This is only my second Palahniuk book, Rant being my first, and I’m aware he can be a bit disgusting and warped.  One review I read said that Hauntedwas for the true Palahniuk fans.  I’ve got a few more of his books on Mt. TBR, but I think I’m going to wait for a while before reading another by him… let my stomach settle.  It’s definitely NOT for the faint of heart.

Even though it was gut-churningly gross, the intellectual appeal was enough to keep me reading on.  I give Hauntedby Chuck Palahniuk 3 1/2 out of 5 stars.

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One of my favorite parts of my Border’s newsletters is the shortlist.  When Palahniuk’s book Snuff came out, the following video was his shortlist offering.  I think it was this vid that made me want to read more Palahniuk (as well as pick up Clown Girl)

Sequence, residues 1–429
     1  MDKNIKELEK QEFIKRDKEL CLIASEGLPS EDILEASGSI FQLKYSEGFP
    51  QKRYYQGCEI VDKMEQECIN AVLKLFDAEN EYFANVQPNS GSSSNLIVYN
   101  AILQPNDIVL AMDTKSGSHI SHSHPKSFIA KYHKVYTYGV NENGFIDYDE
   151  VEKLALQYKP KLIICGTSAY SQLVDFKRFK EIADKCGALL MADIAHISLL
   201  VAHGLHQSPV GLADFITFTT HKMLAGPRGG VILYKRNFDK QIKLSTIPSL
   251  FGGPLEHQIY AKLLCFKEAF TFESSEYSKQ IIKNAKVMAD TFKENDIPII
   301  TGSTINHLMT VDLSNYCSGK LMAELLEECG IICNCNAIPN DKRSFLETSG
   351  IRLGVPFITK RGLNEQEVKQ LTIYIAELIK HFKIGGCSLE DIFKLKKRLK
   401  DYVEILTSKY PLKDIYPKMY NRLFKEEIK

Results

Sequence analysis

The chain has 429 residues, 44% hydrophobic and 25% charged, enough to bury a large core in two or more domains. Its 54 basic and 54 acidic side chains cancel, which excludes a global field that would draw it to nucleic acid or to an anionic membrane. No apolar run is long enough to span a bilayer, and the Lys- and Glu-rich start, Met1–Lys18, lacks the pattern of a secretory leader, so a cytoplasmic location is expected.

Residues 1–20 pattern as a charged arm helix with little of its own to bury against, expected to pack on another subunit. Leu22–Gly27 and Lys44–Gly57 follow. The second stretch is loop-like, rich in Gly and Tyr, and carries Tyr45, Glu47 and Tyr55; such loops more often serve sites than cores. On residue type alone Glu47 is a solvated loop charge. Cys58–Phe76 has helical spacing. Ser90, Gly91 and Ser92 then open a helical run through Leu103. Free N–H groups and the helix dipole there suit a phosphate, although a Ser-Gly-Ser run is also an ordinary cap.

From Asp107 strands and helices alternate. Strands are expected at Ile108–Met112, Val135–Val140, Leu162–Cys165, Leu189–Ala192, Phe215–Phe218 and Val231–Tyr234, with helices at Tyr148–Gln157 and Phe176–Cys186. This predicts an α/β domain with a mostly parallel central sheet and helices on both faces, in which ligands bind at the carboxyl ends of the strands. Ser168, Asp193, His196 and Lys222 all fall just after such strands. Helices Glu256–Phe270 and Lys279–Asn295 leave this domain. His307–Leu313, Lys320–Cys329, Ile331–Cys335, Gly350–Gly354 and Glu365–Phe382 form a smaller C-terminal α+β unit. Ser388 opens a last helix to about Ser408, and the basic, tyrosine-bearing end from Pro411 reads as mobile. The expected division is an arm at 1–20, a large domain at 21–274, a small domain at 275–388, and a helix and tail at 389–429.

TSS -Mad Dash for the Finish Line!

The Sunday Salon.com

Happy Sunday! and Merry (almost) Christmas :-)

I have been a readin’ fool this week; I’m trying to reach my goal of 75 books by December 31st. I’ve really made progress this past week, but I’ve also been busy on Second Life, as well. I could probablyget more read if I stayed off SL, but I need balance between the two loves. At any rate, the following books were read and reviewed on Mt. TBR this week:

Fragile Things: Short Fictions and Wonders by Neil GaimanI am blown away by Gaiman’s ability to weave magic throughout his writing. A master at creating art, the pages of a book are his canvas and words his medium. I will definitely be reading more Gaiman in the new year!